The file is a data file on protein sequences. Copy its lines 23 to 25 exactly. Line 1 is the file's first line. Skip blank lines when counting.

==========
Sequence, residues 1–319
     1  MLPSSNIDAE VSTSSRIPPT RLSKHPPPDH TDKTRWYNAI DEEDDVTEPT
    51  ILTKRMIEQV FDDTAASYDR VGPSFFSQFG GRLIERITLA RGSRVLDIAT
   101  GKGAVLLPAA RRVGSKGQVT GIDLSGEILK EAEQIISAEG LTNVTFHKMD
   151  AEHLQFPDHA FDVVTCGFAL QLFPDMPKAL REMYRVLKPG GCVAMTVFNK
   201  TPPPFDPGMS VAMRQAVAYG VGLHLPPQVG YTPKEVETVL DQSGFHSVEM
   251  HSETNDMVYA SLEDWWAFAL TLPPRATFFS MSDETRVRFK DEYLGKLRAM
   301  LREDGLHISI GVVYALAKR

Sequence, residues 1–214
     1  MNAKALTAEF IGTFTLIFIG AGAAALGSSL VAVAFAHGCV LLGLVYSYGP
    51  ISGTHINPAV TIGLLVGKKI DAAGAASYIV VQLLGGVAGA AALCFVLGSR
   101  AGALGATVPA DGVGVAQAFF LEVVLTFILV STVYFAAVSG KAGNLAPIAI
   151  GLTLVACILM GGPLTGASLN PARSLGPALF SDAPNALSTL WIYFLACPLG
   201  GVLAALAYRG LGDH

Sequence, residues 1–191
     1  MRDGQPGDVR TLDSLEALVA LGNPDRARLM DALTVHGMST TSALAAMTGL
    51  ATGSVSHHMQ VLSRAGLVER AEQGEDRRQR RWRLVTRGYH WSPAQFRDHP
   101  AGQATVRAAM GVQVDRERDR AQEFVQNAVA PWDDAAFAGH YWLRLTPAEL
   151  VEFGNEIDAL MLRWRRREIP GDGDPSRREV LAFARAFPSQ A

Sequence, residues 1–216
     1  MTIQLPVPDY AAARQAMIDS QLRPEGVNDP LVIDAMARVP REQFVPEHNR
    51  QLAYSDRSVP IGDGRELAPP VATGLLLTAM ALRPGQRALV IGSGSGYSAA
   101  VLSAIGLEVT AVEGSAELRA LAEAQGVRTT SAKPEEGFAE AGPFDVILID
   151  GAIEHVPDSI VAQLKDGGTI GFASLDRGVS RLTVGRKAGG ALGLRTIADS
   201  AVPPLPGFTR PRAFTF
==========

   101  VLSAIGLEVT AVEGSAELRA LAEAQGVRTT SAKPEEGFAE AGPFDVILID
   151  GAIEHVPDSI VAQLKDGGTI GFASLDRGVS RLTVGRKAGG ALGLRTIADS
   201  AVPPLPGFTR PRAFTF